Cameroon Elephant Conservation
Elephant populations across Africa are increasingly threatened by accelerating competition for resources with humans. Both forest and savanna elephant populations are shrinking as people gradually erode their habitat and hunt elephants for their meat and ivory. The NC Zoo has been involved with the conservation of elephants in Cameroon, Central Africa for ten years. The project, led by NC Zoo Chief Veterinarian Dr. Mike Loomis, focuses on monitoring elephant behavior using satellite tracking collars. By placing tracking collars on elephants, the project is able to document annual elephant ranges and identify important areas for conservation. The project also works to reduce conflict between elephants and people, primarily due to crop raiding by elephants. By studying elephant movements and involving local people, the NC Zoo elephant project has been able to reduce both impacts on the human population (injuries and crop losses) and the killing of elephants. NC Zoo elephant conservation research in Cameroon is conducted in collaboration with the World Wide Fund for Nature (WWF) Central Africa Regional Programme Office.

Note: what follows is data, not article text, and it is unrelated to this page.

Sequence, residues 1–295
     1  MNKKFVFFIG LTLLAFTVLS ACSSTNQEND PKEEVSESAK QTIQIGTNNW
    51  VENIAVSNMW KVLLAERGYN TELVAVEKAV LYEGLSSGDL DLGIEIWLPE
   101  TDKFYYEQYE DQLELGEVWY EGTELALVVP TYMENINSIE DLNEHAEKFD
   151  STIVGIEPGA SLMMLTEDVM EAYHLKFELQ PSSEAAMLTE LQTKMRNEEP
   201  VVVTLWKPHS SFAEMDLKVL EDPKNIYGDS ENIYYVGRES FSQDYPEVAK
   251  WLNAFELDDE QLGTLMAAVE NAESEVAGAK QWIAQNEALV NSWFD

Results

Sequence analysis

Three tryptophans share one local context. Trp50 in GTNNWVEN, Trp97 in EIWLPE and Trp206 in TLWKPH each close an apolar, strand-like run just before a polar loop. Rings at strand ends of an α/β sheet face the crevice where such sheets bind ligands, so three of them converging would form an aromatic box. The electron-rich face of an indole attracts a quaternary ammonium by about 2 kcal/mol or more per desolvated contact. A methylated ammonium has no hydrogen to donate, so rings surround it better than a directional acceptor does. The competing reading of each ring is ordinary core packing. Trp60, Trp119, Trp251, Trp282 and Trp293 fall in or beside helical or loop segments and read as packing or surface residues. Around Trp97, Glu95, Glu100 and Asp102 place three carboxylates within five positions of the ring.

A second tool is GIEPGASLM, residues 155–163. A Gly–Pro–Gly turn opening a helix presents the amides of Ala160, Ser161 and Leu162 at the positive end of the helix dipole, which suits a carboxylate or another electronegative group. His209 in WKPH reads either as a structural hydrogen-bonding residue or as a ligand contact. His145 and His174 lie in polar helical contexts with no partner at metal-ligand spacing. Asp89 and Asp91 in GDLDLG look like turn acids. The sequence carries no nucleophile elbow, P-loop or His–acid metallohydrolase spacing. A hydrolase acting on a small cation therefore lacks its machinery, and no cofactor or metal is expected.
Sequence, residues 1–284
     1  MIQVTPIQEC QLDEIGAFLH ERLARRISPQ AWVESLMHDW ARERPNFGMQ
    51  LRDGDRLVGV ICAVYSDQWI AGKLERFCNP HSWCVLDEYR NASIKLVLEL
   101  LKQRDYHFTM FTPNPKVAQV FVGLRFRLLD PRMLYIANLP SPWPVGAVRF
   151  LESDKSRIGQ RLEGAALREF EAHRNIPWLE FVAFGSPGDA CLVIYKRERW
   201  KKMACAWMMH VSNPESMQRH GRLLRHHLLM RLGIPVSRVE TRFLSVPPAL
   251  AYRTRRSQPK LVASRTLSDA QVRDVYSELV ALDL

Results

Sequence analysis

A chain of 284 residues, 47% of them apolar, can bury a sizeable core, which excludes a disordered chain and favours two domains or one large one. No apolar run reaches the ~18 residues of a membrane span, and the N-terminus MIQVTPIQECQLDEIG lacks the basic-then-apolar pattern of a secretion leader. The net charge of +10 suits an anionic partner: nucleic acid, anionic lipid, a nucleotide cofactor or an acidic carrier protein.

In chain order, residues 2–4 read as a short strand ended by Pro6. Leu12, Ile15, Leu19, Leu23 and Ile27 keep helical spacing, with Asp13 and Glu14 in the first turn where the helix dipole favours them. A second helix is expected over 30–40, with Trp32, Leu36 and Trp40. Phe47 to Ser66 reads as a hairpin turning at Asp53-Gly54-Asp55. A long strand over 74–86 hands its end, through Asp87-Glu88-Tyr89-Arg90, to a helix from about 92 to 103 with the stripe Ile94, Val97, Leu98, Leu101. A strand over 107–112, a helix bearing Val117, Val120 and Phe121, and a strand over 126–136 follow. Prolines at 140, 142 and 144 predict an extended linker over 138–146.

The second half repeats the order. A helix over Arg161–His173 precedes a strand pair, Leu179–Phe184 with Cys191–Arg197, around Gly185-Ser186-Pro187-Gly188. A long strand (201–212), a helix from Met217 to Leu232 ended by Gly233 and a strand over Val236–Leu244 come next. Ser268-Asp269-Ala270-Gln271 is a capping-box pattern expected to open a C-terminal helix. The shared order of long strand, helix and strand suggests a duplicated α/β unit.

Learn more at Fieldtrip.org